Most of my childhood, I was surrounded by the energy of the elders, my favorites being my great-aunt and great-uncle. My great-uncle used to play under the table with me when I was a kid, taught me swimming and badminton, and studied history and geography with me later on when I was in school. My great-aunt was the family tailor, so I had a lot of clothing made for me with love, just the way I wanted. I often say these two were my angels. They taught me love and acceptance through their unwavering presence. We disagreed many times during our time together, but never rejected each other. They gave me a glimpse of the unconditional love of the Spirit in the physical form and showed me it was possible. Humans can love unconditionally.
As all stories come to an end in this temporary world, so did ours. My great-uncle left the physical realm in 1995, but Great-Aunt Milka was with me till just a few years ago. In those five long years of gradual letting go, she taught me how to be present to a loved one who is dying. How to let go (although, I don’t think I passed that one) and surrender to life as it is, no matter how painful and unfair it feels at that moment when we cease to exist physically.
What I want to tell you in this story is how love never dies; it never goes away nor disintegrates when the physical body does.
In order to have closure with a departing person, I need to witness a dead body. Until then, I stay in hope that it is a mistake, that the person is alive, and that it all is a bad dream. When my great-aunt passed away, I was not present at her bedside. My chance to see her for the last time was just before the services in the chapel at the cemetery. I knew I had to do it, but the fear I experienced was immense—not fear of her, but fear that I would not be able to handle the loss. My therapist gave me advice: keep asking her for help and keep communicating with her; she will walk you through.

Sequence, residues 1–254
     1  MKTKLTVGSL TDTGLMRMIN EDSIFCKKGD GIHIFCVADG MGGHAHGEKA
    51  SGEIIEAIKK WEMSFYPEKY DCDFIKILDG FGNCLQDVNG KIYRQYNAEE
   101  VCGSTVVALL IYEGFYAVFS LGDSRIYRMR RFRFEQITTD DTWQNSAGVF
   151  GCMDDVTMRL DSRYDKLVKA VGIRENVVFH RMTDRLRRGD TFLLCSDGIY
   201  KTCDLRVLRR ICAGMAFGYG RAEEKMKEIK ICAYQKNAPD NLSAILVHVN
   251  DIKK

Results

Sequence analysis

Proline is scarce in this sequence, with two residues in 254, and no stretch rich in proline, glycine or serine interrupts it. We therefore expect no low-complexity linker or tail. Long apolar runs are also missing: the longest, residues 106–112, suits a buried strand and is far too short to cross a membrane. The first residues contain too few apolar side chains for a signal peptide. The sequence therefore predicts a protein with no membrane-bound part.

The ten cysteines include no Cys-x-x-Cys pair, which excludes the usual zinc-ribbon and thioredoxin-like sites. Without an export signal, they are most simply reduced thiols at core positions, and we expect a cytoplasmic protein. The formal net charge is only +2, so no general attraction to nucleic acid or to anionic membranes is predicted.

As the song “In the Arms of the Angel” played, I was standing amidst my family and friends, holding my mom’s hand, crying and sobbing interchangeably. I asked Milka to help me accept her leaving, to show me she was really still there (obviously in another form). At that moment, I felt her hand on mine and found myself “inside of her body,” together with her. In a spirit form, she showed me inside of where she lived for 82 years. It was empty. It felt like somebody turned the lights off and vacated the house. I will never forget that moment. The acceptance of death settled inside my chest a bit more easily.
I realized in that moment that, in reality, she did not die (I knew that, but now I realized it through the experience) and that my contact with her would continue. Our love was eternal. It had no end.
As a matter of fact, she continues to be present in my daily life. My great-uncle accompanies her in our encounters: they keep teaching me, holding me when I have no one available in the physical form, showing me other worlds, healing me. They are my bridge to the world of the Spirit. That bridge is made of our love and it keeps growing. I still miss their physical presence … and as soon I say that, I feel them next to me. There is no emptiness or loneliness as long as we keep looking for a ways to connect.
Contact, presence, and love are eternal. These are the things, probably the only things, that truly matter in this world.
* This story was published in Knowing There is More, a collection of extraodinary stories, compiled by Carol Hibbert,( available on Amazon.com) All profits for this book will support La Familia Medical Center in Santa Fe which serves families in need as well as the homeless.